Astronomers from the University of Birmingham’s School of Physics and Astronomy in the United Kingdom have recently identified “hot super-Earths” with stripped surfaces. They identified this with the help of data coming from NASA’s exo-planet hunter spacecraft named Kepler.
The exo-planets are made up of rocky core and gaseous outer surface. The host stars of these exo-planets appear to be very close due to which the surfaces of these exo-planets get violently stripped. This is because of being violently hit by a torrent of high energy radiation. This surprising revelation comes from the study published in journal- Nature Communications.
The continuous persistent erosion of atmosphere by high radiations comparatively affects the original size of the planets. As per the results disclosed by the astronomers, the planets with hot stars close to their surfaces had different appearances in terms of size and looks, originally.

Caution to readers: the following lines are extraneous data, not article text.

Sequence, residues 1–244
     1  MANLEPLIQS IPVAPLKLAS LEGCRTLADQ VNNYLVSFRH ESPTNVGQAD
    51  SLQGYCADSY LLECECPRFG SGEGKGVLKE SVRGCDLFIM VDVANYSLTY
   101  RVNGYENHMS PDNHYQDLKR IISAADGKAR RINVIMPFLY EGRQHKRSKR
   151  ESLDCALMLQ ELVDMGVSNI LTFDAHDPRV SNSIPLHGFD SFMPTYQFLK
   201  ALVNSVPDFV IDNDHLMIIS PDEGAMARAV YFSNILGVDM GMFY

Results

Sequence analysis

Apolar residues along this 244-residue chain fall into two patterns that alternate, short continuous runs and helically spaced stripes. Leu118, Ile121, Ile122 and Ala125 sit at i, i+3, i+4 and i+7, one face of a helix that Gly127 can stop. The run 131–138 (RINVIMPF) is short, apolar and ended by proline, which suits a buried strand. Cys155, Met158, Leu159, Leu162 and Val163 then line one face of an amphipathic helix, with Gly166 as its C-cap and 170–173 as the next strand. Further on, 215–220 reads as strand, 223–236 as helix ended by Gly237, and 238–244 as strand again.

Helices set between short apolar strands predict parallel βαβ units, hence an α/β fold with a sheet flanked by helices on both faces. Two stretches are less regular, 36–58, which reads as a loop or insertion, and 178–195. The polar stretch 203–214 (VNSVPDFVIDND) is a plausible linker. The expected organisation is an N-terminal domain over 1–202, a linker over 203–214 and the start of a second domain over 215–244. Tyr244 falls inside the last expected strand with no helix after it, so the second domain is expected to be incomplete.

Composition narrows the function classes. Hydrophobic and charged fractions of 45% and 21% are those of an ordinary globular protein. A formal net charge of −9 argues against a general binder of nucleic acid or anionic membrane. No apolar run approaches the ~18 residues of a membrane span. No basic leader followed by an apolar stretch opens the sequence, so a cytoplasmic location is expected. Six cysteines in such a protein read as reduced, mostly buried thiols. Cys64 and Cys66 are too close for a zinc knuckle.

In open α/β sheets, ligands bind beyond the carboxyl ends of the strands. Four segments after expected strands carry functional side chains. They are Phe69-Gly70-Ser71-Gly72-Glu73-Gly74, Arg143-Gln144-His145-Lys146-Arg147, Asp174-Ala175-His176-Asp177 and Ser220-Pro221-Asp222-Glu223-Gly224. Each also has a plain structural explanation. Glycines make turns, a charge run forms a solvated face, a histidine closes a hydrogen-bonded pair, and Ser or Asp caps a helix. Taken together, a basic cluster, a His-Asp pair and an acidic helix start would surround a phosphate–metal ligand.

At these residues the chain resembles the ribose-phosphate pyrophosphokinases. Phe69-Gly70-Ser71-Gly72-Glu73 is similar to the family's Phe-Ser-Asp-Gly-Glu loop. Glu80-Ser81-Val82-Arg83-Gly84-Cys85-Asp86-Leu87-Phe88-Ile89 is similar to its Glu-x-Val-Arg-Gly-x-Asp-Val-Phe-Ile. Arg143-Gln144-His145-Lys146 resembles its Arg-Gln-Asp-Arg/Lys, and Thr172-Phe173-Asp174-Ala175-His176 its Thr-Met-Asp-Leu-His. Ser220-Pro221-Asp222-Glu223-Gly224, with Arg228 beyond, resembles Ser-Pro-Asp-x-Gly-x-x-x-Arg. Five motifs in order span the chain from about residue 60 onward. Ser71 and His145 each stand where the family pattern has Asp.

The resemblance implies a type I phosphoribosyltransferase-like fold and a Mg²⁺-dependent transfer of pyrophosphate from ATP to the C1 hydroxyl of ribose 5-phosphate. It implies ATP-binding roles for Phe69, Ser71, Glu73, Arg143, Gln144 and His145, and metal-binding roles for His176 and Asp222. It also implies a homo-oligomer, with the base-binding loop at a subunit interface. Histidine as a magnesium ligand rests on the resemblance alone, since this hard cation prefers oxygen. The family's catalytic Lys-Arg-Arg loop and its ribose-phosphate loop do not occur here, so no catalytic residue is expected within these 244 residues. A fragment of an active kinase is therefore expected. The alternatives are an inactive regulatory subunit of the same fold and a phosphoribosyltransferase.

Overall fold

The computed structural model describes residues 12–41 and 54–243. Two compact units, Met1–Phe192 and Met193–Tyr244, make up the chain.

Researches and astronomers use asteroseismology in order to study the internal properties of these planets and their host stars. The results of studies play an important role in implying the evolution of stellar systems- our solar system, its planets and their host stars.
New generation satellites including the NASA Transiting Exoplanet Survey Satellite (TESS) Goal are in a process of being launched to extract and gather additional information about these stripped exo-planets.